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Knee Pain? Maybe It's Your Feet

 

There are several painful conditions of the knee that may be caused by problems with your feet. The knee joint is one of the most complex joints in the body.  It is a hinge joint, a sliding joint and a rotating joint all at the same time.  The proper and pain-free functioning of the knee requires near perfect alignment of the bones, ligaments and tendons that make up the knee joint. Pain in the knee is usually an early warning sign that something is wrong with the alignment.  It is important to address these problems early to avoid serious, long term problems such as severe arthritis.  

The improper alignment that causes knee pain is often the result of improper alignment of the joints of the foot and ankle.  Let me give some examples.

Pain on the inside part of the knee may be caused by bursitis at the location where three of the tendons from the thigh muscles (sartorius, gracilis and semitendinosus) come together and insert into the upper/inner part of the tibia (bone of the lower leg).  This condition is known as Pes Anserine bursitis.  Pes Anserine is Latin for “goose foot”.  I suppose it is called goose foot because these three tendons coming together look somewhat like a goose’s foot.  The pain is caused by inflammation of the bursa beneath these three tendons.  A bursa is a fluid-filled sac that is found where tendons and ligaments rub against bone.  The bursa is designed to prevent the bone from irritating and damaging these tendons and ligaments as the rub back and forth over the bone.  When these bursa become inflamed this is known as bursitis.  Pes anserine bursitis is inflammation of the bursa beneath the three tendons that form the goose foot.  Pes Anserine bursitis can be caused by excessive pronation of the foot.  The excessive pronation (see article on normal foot motion) causes excessive stretching of these tendons which over time results in inflammation.  The treatment and prevention of this condition involves an arch support to prevent excessive foot pronation.

Pain on the outside of the knee is sometimes caused by a condition known as iliotibial band syndrome.  The iliotibial band runs from the pelvis down the outside of the leg and attaches to the outside part of the knee.  Problems with the foot together with overuse (such as running or bicycling) can lead to inflammation where the iliotibial band inserts into the outer knee.  There are several different foot problems that can cause this inflammation.  If the person is flat-footed (over-pronatnor) this causes the tibia (lower leg bone) to excessively internally rotate.  This increases the stretch on the iliotibial band and causes inflammation.  On the other hand if someone has a high-arched foot, the foot is in a supinated position (see normal foot motion) and this too can cause excessive stretch on the iliotibial band and inflammation.  These two very different types of foot problems result in the same painful condition (iliotibial band syndrome).  However the two problems require very different treatments.  In order to correct the problem it is essential to determine what exactly is causing the problem.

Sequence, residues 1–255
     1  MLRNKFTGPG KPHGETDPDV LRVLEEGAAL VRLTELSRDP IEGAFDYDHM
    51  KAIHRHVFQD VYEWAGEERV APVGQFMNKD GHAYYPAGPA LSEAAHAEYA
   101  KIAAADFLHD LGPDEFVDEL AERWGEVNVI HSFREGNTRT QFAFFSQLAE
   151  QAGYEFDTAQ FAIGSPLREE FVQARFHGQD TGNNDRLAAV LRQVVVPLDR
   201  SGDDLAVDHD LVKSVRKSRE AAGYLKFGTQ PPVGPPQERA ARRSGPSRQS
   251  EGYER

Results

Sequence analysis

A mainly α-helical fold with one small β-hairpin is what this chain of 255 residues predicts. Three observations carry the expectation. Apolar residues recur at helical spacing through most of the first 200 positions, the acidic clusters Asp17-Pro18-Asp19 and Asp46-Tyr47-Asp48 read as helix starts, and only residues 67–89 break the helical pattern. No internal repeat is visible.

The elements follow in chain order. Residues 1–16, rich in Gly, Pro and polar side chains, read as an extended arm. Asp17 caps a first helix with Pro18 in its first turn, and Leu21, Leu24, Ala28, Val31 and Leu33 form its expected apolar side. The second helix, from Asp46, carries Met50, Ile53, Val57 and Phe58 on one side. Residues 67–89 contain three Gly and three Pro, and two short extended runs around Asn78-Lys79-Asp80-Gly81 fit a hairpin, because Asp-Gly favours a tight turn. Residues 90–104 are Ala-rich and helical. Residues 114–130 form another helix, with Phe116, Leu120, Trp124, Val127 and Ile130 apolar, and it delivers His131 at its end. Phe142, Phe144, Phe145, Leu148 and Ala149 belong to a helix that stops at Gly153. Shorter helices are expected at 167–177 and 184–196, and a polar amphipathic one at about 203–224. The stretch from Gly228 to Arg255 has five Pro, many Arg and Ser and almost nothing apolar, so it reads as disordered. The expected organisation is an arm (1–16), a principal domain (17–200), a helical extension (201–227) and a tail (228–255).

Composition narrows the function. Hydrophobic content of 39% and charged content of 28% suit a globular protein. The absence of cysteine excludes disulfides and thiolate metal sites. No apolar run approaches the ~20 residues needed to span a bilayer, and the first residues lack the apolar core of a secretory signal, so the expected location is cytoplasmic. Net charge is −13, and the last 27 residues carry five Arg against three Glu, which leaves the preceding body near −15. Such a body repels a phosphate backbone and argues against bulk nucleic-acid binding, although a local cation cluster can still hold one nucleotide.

Knee arthritis can be caused or exacerbated by problems with the foot.  Someone that has arthritis pain on the part of knee closest to the midline (medial compartment) may have a supinated foot that contributes to a bow-legged type of stance.  Someone with pain in the lateral compartment (the outer part of the knee furthest from the midline) may be flat-footed, a hyper-pronator, which leads to a knock-kneed type of stance.  Through the proper use of a foot orthotic I believe that we can, over time, reduce the load on the painful knee compartment, reduce the pain and at least slow down the degeneration of the cartilage.

Pain in the center of the knee is often cause by chondromalacia patella, also known as retropatellar (behind the kneecap) pain syndrome.  This is often seen in someone with excessive pronation (flat-feet).  As the knee straightens and bends the kneecap is supposed to ride smoothly in a cartilage-lined groove on the lower end of the femur (thigh bone). Someone that is a hyper-pronator has excessive internal rotation of the tibia. This excessive internal rotation changes the angle that the kneecap rides up and down in this groove (known as the Q angle or Quadriceps angle).  Over time this leads to irritation behind the kneecap and the retropatellar pain syndrome.  An arch support or orthotic can be very helpful in treating this condition.

In conclusion I have discussed a few of the common causes of knee pain that can be relieved or at least improved through the use of a simple foot orthotic.  The key to treatment however is knowing what is causing the problem in the first place.  The techniques we use for diagnosing the problem will be discussed in an upcoming article.


 



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